It just makes sense that a person can’t text and drive a car at the same time. Distracted driving causes crashes, and people can get hurt or killed. That’s why responsible drivers don’t text and drive (or talk on the phone while driving), and they don’t allow other distractions to pull their attention from the road.
Distracted Driving Is Dangerous
According to the AAA Foundation for Traffic Safety, more than half of teen drivers reported using a cell phone while driving, and more than 1 in 4 reported typing or sending a text message while driving in the previous 30 days. When it’s time for you to get behind the wheel of a car, don’t let yourself be a distracted driver. And don’t ride with distracted drivers, either – safe driving comes first.
State Distracted Driving Laws
Distracted driving could leave you responsible for a crash in which other people could be hurt or even killed. At the least, you could end up with a traffic ticket. . In South Carolina, all drivers are banned from text messaging while behind the wheel, and any driver may be cited for the general offense of inattentive driving. Possible consequences of a ticket include:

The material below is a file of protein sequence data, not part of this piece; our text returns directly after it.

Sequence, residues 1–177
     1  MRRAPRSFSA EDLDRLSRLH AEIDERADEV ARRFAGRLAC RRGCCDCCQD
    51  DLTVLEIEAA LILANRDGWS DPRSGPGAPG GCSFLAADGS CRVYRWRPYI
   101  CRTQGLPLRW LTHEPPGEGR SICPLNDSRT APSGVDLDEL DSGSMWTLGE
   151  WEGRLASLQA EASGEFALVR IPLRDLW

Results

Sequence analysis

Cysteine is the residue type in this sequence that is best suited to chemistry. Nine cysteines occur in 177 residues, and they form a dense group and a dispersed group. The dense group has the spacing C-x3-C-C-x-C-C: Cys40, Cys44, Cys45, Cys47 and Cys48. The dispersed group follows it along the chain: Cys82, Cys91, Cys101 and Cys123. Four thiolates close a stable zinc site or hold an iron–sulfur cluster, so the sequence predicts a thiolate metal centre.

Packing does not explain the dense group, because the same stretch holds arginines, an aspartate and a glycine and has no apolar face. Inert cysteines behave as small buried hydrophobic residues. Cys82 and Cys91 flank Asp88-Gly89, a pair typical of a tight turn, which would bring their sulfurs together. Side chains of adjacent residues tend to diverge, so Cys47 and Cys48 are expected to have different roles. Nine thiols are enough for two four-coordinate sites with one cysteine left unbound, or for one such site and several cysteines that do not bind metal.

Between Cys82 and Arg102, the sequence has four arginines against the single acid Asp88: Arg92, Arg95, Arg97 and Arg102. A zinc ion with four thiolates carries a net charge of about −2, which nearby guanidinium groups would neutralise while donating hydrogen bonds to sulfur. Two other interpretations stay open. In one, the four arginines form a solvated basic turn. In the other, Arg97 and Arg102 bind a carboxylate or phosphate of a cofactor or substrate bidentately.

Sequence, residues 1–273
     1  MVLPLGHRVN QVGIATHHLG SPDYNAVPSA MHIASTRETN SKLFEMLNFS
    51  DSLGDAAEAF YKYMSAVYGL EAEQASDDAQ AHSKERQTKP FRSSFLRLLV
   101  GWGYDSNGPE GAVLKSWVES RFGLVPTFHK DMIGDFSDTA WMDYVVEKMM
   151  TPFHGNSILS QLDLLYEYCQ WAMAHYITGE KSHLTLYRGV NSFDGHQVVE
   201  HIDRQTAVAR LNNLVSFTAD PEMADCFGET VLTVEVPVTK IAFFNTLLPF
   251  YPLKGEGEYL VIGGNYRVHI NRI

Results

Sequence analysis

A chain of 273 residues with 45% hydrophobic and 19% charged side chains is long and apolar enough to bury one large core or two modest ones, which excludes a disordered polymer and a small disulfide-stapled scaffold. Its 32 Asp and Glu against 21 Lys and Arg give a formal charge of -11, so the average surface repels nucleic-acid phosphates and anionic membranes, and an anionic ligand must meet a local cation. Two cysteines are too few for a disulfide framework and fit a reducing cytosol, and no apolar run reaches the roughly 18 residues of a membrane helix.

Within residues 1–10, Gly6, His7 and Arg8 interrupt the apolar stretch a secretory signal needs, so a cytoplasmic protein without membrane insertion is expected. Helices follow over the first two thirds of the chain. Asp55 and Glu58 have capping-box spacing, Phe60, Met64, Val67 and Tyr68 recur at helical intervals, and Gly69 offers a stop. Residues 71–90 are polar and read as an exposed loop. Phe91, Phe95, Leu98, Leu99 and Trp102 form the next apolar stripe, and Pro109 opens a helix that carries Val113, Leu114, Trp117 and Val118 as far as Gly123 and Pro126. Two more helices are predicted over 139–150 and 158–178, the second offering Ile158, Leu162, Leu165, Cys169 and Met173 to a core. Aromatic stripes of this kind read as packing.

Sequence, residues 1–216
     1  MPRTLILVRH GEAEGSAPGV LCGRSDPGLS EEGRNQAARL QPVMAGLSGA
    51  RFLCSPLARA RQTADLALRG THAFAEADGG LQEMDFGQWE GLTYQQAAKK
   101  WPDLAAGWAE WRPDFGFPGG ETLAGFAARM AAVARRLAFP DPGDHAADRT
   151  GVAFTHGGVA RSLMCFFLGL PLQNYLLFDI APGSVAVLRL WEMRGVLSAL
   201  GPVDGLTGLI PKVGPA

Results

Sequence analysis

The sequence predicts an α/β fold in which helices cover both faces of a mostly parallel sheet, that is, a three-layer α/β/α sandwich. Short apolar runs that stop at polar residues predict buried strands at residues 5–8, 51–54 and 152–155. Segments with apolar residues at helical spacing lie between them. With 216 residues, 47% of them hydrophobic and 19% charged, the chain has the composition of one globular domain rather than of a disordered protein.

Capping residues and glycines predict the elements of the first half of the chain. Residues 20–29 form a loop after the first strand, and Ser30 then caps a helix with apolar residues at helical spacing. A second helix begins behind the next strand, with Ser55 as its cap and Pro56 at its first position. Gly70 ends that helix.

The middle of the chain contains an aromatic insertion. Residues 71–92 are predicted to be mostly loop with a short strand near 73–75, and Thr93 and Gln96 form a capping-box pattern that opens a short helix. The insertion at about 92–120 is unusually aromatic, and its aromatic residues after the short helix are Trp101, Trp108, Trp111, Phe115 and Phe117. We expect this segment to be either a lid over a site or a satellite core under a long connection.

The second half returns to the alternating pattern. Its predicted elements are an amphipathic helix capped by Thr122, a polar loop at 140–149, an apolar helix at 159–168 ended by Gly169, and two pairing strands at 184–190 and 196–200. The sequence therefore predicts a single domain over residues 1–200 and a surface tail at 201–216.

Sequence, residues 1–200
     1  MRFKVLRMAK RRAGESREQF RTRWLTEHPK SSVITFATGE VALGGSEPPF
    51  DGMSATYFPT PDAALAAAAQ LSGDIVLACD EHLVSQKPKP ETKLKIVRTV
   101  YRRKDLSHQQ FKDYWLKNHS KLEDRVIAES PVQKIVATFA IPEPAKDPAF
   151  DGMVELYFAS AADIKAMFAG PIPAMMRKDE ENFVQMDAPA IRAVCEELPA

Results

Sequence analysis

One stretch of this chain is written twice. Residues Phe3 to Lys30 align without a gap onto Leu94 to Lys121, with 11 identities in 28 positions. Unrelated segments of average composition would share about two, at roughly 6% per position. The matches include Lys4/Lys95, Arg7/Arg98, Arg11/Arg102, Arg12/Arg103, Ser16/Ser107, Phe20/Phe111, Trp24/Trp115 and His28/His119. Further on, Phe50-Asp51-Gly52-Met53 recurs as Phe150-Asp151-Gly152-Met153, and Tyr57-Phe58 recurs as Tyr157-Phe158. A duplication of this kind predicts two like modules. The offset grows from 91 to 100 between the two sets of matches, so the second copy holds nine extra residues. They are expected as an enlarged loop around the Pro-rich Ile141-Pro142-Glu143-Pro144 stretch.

- Suspended driving privileges
- Attorney’s fees
- Court costs
- Insurance rate increases
The law does not single out teen drivers, either. South Carolina has similar restrictions for adults, who may not text and drive.
Electronic devices aren’t the only distractions a driver faces. Passengers can be distracting, too. This is one reason South Carolina’s graduated driver licensing system allows conditional driver and special restricted driver’s license holders no more than two non-family passengers unless supervised by an adult age 21 and older, or if transporting students to and from school.
Key Tips for Safe Driving
- Distracted driving does not just involve cell phones and other wireless devices. Eating, drinking, chatting with a passenger, reading a map, personal grooming, reaching for objects or looking at people or objects unrelated to the driving task are all things that could lead to a crash.
- As you get ready to learn to drive, ask your parents, driving instructor or other supervising driver how they minimize dangerous driving distractions and stay focused on driving.
- Even as a passenger, you can help others avoid distractions. If you’re ever riding with friends who are texting, on a cell phone, speeding or otherwise behaving recklessly, speak up. Tell your friends to focus on safe driving, ask to help them manage the phone or, if they do not change their risky behavior, ask to be dropped off.